A young violinist’s lonely mission to pressure Russia against climate change
MOSCOW (Reuters) – The young violinist holding a sign reading “Climate strike” in a Moscow square did not wait long for the police to arrive. His individual demonstration lasted only 30 minutes before being detained this summer for the second consecutive Friday.
The city’s COVID-19 lockdown is now complete, but protests remain illegal, posing a new challenge for Arshak Makichyan’s mission to build a movement from the ground up to pressure the government of the fourth largest transmitter greenhouse gases in the world.
Inspired by Greta Thunberg at the end of 2018, he organizes political demonstrations every week.
But unlike the Swedish teenager, who galvanized a global movement of young environmentalists, Russia’s strict protest laws and people’s general apathy towards activism made the 26-year-old’s campaign a lonely one. .
Makichyan was often the only activist to participate. Last year, he was jailed for six days for leading a three-person protest that city officials did not allow. A passerby once threatened to stab him for holding up his sign.
âFear rises whenever something happens, but I have to do something with it because either way you understand that our future is threatened,â he said. âI know we can have an impact on the situation, so of course I’m not going to give up.
âThe climate crisis is happening in Russiaâ¦ There are constant ecological disasters in various regions. The government is doing nothing. “
Temperatures hit record highs in the Arctic this summer and contributed to massive forest fires in Siberia. A Russian mining company blamed a large fuel spill in May on melting permafrost that it said had eroded the foundations of its fuel tank.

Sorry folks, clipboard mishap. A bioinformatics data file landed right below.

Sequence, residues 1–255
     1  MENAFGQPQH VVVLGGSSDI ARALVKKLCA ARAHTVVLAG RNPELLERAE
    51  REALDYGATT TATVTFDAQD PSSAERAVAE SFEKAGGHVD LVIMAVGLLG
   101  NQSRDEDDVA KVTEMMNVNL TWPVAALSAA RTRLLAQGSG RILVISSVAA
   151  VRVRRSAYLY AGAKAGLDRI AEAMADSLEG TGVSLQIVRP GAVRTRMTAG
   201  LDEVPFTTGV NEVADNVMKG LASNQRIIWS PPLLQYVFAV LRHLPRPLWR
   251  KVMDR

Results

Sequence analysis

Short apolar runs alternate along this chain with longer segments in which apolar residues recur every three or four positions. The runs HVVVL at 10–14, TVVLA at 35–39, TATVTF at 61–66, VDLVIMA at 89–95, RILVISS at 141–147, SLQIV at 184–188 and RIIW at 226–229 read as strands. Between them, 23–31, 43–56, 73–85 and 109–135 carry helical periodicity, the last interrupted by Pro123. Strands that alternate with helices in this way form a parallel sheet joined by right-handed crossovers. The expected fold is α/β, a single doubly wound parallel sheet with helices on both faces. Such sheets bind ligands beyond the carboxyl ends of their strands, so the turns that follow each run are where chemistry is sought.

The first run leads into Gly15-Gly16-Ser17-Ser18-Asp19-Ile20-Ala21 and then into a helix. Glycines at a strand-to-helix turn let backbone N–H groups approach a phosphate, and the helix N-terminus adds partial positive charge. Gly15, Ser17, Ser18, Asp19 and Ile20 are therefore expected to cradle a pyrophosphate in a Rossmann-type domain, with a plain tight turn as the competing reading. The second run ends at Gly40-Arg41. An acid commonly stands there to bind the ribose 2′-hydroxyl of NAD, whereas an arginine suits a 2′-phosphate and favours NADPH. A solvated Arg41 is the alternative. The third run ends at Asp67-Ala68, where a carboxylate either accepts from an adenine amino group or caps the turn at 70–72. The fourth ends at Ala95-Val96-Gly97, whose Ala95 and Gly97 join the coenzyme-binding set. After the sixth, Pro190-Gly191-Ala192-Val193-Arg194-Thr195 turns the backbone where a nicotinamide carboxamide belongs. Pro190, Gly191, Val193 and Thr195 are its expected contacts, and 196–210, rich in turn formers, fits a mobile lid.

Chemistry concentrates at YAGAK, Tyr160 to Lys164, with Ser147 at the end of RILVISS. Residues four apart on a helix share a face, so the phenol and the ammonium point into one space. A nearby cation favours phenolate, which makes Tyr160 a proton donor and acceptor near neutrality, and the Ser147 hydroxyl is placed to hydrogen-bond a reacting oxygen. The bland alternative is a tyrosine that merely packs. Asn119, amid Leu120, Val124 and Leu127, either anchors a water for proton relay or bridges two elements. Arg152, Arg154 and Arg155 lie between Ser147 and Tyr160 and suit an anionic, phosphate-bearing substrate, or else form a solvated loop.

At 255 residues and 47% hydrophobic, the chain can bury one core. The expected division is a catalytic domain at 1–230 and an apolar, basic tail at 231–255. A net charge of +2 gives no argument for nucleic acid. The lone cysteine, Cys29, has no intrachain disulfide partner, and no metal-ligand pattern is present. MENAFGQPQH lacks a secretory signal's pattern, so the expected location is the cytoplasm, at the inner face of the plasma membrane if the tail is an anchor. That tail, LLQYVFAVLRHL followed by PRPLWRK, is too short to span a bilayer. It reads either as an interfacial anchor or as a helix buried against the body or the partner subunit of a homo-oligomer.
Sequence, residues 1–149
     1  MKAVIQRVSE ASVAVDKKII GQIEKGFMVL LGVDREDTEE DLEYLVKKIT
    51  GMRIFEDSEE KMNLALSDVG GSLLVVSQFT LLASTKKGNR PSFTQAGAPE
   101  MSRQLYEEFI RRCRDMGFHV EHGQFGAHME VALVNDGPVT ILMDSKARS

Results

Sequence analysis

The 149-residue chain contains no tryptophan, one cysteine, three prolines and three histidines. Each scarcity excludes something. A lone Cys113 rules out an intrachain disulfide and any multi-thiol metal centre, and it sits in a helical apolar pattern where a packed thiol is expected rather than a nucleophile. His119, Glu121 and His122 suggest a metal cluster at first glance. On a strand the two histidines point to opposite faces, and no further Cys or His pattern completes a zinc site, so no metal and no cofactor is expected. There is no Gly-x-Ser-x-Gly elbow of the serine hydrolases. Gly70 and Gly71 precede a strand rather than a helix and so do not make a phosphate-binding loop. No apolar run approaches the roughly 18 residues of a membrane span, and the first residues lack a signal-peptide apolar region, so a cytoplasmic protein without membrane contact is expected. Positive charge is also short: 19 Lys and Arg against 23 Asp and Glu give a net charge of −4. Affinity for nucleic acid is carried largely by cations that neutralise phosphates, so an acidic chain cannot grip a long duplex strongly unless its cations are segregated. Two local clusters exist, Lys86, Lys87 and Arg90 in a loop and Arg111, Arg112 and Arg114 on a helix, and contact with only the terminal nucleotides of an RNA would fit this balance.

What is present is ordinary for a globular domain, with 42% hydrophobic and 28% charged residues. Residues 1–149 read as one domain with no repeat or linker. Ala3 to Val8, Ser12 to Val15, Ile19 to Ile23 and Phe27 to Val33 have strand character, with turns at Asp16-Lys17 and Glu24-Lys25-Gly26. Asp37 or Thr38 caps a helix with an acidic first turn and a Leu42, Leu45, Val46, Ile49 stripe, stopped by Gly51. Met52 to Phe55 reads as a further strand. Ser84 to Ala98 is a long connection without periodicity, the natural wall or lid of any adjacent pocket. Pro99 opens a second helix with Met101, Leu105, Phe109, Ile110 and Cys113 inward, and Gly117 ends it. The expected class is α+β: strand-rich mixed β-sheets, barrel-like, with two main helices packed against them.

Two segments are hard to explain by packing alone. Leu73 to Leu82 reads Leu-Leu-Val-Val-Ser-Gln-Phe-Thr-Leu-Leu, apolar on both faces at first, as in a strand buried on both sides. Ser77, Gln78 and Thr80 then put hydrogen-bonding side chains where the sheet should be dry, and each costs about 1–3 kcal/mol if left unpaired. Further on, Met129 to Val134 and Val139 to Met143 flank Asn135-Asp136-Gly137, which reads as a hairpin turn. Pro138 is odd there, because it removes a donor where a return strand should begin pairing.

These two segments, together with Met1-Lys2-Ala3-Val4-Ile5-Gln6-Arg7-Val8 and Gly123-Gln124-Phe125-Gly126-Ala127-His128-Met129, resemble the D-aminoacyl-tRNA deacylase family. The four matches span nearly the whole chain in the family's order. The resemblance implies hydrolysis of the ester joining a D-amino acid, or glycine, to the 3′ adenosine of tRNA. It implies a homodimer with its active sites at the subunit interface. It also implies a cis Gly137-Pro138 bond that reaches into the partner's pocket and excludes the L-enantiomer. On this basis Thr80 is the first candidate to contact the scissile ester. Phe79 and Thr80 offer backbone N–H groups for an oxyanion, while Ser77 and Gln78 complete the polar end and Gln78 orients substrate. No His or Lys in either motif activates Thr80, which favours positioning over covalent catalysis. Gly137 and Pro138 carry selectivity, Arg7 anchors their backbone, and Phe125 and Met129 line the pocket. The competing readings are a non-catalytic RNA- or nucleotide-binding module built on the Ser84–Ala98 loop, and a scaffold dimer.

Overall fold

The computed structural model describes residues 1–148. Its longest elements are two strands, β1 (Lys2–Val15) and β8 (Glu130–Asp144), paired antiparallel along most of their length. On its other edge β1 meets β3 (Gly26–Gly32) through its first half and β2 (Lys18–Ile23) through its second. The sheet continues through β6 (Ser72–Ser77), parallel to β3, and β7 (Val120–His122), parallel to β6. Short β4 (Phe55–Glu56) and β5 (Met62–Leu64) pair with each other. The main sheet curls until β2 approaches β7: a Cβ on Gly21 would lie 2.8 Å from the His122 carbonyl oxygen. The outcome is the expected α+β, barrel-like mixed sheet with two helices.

President Vladimir Putin has said Russia is warming to 2.5 times the global average and it would be a disaster if the permafrost melted in its northern cities. But he also said it is not clear what is causing climate change.
Russia, a major energy exporter, belatedly joined the 2015 Paris Agreement on climate change last September, and Makichyan said his targets were so modest that they could actually increase emissions while meeting goals.
The Energy Ministry told the Izvestia newspaper in July that Russia had already fulfilled its emission reduction obligations under the Paris agreement.
Just over a third of Russians see climate change as the world’s most serious problem, but only 7% see it as a major problem for Russia itself, according to survey data released by the Center Levada based in Moscow last December.
Makichyan put aside his plans to continue his musical studies at a prestigious school in Germany, deciding to be an activist instead. He started organizing the Thunberg movement in Russia in 2019 and has held weekly protests since March of last year.
He first lived off the savings he had set aside for a new violin, and now works as a grocery courier and lives at home with his parents.
Makichyan fears low participation in Russia in Friday’s global climate strike protests to demand urgent action, due to the pandemic and the government’s firm stance on the protests.
Authorities say all street protests are illegal due to the health risks posed by the pandemic.
âOur movement is not at its best because people are afraid to join the picket lines,â he said. “Now the authorities are using the pandemic as a pretext to stop all forms of activism.”
Editing by Mike Collett-White